Three provincial park boat launches a priority for repair

Three provincial park boat launches in the Peace region have been identified as priorities for repair or replacement in the next five years, but how quickly the funds will flow from the province remains to be seen.

BC Parks has identified the launches at One Island Lake, Charlie Lake, and Gwillim Lake as priorities, with an estimated tab of at least $1.2 million.

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But the agency sees scarce dollars for capital investments in the Peace. In 2018, total funding was just $625,000.

While $350,000 of that went to building a new boat launch at Swan Lake, that left less than half the budget for other priority projects, local officials say.

"A lack of capital infrastructure funding allocated to the BC Parks in our region dictates that BC Parks staff balance priorities to decrease operating deficiencies and to increase services for the public without sufficient funding to do so," Brad Sperling, chair of the Peace River Regional District, wrote in a June letter to environment minister George Heyman, who is responsible for provincial park spending.

There are 10 boat launches in provincial parks in the Peace region. The regional district has been lobbying for an increase in capital spending after the boat launch at Charlie Lake was abruptly closed last fall without notice or consultation with lake users and residents.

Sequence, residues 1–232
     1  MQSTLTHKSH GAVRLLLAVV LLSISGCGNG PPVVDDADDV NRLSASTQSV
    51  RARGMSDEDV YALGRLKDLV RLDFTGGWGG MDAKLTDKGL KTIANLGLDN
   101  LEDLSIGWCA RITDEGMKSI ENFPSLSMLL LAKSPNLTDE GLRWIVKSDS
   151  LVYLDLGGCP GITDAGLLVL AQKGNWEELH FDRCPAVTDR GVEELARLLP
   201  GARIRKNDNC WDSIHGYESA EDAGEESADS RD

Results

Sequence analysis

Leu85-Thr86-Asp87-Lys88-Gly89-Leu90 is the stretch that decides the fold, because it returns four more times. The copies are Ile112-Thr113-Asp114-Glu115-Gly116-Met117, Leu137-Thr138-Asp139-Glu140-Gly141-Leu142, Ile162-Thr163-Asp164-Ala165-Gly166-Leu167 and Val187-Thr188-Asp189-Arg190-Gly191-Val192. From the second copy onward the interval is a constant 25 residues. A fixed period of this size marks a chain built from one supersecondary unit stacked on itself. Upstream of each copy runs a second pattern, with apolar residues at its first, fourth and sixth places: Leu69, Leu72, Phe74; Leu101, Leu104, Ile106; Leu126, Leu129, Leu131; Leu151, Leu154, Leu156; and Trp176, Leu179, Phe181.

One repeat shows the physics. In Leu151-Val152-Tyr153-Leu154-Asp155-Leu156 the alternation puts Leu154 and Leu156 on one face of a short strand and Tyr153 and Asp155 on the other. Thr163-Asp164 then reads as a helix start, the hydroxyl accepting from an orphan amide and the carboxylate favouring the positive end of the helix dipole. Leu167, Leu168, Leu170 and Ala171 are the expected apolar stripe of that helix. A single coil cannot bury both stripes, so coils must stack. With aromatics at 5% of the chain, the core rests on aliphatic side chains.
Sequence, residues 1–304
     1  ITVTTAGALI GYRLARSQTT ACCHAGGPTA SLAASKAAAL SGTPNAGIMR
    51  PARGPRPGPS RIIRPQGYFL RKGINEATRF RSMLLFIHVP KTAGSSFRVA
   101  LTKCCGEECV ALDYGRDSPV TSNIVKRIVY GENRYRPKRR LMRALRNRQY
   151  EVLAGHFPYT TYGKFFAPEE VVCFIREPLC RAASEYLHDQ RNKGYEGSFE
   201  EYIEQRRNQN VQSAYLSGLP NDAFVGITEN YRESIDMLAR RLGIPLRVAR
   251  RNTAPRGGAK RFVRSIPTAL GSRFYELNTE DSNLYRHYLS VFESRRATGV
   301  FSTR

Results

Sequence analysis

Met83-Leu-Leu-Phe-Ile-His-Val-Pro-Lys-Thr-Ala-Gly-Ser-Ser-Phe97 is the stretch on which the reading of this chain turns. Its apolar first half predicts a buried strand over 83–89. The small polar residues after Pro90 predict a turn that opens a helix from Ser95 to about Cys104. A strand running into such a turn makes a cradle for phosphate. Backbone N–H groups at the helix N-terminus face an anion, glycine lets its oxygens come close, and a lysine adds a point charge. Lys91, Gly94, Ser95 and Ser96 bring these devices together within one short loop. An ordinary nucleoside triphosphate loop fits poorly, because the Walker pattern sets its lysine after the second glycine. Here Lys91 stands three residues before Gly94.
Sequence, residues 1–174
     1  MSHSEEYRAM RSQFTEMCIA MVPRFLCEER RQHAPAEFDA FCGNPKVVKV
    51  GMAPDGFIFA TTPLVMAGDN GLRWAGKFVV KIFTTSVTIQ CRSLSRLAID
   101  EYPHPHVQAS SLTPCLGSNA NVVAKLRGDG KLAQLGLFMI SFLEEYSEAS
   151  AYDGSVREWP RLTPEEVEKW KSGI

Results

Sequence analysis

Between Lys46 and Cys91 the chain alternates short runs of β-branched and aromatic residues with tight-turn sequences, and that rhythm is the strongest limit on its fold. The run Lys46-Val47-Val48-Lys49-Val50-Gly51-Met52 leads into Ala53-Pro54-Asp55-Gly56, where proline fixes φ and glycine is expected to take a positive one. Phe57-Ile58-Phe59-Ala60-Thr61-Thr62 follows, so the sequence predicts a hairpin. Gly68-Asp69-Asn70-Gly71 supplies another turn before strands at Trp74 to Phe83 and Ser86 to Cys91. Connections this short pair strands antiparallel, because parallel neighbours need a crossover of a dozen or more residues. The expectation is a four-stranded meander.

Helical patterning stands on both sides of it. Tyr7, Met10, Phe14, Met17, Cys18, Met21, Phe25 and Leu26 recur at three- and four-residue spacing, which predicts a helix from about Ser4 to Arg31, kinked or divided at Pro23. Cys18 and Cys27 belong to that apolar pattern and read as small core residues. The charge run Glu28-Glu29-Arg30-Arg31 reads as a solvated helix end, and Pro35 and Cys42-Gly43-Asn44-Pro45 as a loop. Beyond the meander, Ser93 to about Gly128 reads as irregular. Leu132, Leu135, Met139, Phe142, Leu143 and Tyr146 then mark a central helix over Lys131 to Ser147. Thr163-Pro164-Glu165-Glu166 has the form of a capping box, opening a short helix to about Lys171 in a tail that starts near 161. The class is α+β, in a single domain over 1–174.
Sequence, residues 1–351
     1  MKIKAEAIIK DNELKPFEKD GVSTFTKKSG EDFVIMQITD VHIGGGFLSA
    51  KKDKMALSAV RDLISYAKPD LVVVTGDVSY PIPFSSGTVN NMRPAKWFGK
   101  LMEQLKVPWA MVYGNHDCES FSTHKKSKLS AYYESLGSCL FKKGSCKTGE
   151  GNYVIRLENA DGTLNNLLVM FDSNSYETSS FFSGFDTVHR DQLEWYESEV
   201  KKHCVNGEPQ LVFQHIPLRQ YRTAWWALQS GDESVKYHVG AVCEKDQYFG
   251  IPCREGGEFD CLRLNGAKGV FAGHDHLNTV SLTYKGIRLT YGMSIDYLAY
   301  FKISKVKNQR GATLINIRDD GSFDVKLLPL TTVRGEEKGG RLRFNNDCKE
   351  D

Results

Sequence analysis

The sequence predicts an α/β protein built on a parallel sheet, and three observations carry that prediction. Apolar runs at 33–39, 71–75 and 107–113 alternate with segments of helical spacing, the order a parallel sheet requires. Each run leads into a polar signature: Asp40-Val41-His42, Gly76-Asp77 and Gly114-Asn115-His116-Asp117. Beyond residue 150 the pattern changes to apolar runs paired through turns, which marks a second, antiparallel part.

Provincial parks in the Peace region already operate with an annual subsidy of nearly $1 million a year, Sperling noted.

"If more capital investments were made into parks in the region, it is likely that they would attract more users and the annual operating deficiency could decrease," he wrote.

With construction costs up to 50% higher in the Peace than the Lower Mainland, the tab to fix the boat launches at One Island, Charlie, and Gwillim lakes is likely to be much higher than $1.2 million when the projects go to tender, Sperling said.

The province has budgeted $41.5 million for BC Parks this year, up from $40.4 million in 2018. Visitors to provincial and national parks in B.C. have soared from 20 million to 25 million over the last five years, according to the BC Parks Foundation.

While the government has increased capital spending in provincial parks, the cost to repair and replace aging park infrastructure across B.C. is growing, along with demands for more services, Heyman said.

"Like all levels of government, we must continue to make difficult choices about where and how we invest our capital dollars," Heyman wrote in a July 25 response letter to the regional district.

Capital dollars for parks are earmarked based on infrastructure levels, demand and use, and health and safety issues in a particular region, Heyman said.

"As such, much of the capital investment goes into facilities such as water and sewage systems, roads, bridges and trails, and major campgrounds and day use areas," Heyman wrote.

Parks staff continue to evaluate options for Charlie Lake, Heyman said.

He suggested the regional district meet with him at the Union of BC Municipalities convention in September to discuss ways to secure more funding for parks initiiatves in the region.

Email Managing Editor Matt Preprost at

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